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Roberts Report: Housing, addiction and a society in decline

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Alexander Roberts

Last summer, our social services agency, Community Housing Innovations, finished an expensive, nearly yearlong battle to remove a federally subsidized Yonkers tenant who had installed her adult children in the apartment, apparently dealing drugs, and from where a gun was discharged through the floor into the apartment of the family living below.

In December in Mount Vernon, we spent many months trying to evict a tenant whose behavior provoked a petition by other tenants because of loud and threatening behavior, also apparently connected to illegal substance abuse. When there was a stabbing in that apartment, police responded but didn’t arrest anyone because the victim would not press charges and officers said they had no probable cause to enter the apartment. They did helpfully warn other tenants not to slip on the blood in the hallway.

The above incidents involved market tenants. However, the inability of society at large to enforce what used to be called “societal norms” is no more evident than in the new approach to programs for supportive housing for the homeless.

As a social services agency dealing with the homeless, we are seeing more deaths from drug overdoses. While not surprising given the thousands of vulnerable people we serve and the fact that drug overdoses now constitute the leading cause of death of Americans under 50, I believe a new, radical approach to what used to constitute illegal behavior contributes to the trend.

Up until recently, we could evict a tenant in supportive housing for taking controlled substances, possessing drug paraphernalia or testing positive for illegal substances. An addicted tenant might even end up in jail or forced treatment as an example to other participants. As a practical matter, we do not do so as our job is to engage these tenants and save their housing. Addiction was regarded as a personal failing, although it is now recognized universally by medical professionals as a behavioral disease and treated as such. Still, the threat of eviction provided a powerful incentive to seek treatment and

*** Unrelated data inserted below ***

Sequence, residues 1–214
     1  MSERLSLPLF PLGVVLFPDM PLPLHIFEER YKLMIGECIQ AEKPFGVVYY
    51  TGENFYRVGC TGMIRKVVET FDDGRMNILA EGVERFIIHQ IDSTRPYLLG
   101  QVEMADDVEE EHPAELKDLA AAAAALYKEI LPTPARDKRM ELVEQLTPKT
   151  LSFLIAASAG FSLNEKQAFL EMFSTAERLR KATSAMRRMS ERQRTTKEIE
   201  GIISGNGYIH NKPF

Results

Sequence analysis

change behavior.

No longer.

Under Obama-era rules continued by the Trump administration, housing providers funded by HUD nationwide must adhere to “Housing First” principles, which include a radical approach to mentally ill and addicted tenants. Under Housing First, you may continue to shoot heroin in your apartment and refuse any services. As stated in the Housing First Checklist, promulgated by the U.S. Interagency Council on Homelessness, “Services are informed by a harm-reduction philosophy that recognizes that drug and alcohol use and addiction are a part of some tenants’ lives. Tenants are engaged in nonjudgmental communication regarding drug and alcohol use and are offered education regarding how to avoid risky behaviors and engage in safer practices.”

Developed for the 15 percent of homeless people living in the streets for one year or more — the so-called chronically homeless — Housing First principles now encompass all homeless programs in the nation. In an effort to get the chronically homeless off the streets voluntarily, HUD has prioritized them for placement. However, since Congress did not increase the HUD budget, the agency is forcing local nonprofit housing consortiums to reallocate funding, requiring them to withdraw subsidies from existing programs that have housed formerly homeless veterans, victims of domestic violence, addicts and the mentally ill for a decade or more.

Last year I spoke with one of our mentally ill tenants in supportive housing since 2008, whose HUD program was terminated. She is the mother of two children, with a heroin addiction and a full-time job, who has remained sober. I asked her whether she would have relapsed knowing that we could not evict her for using. “In a millisecond,” she answered.

Terminating stably housed vulnerable tenants who have followed the rules to make room for the street homeless who will not, offends any normal sense of justice and morality.

Such is the state of affairs in America today with the decline of religion and values.

Unfortunately, “nonjudgmental” societies don’t have a good track record of survival. History has shown time and again that once a society loses its moral order or foundation myth and becomes no more than a collection of individuals asserting their rights, it withers from within and dies. The elevation of anti-social and self-destructive behaviors to legitimate lifestyle choices will not improve society in the
long run.

Alexander Roberts is executive director of Community Housing Innovations Inc. in White Plains. He can be reached at aroberts@chigrants.org or 914-683-1010.

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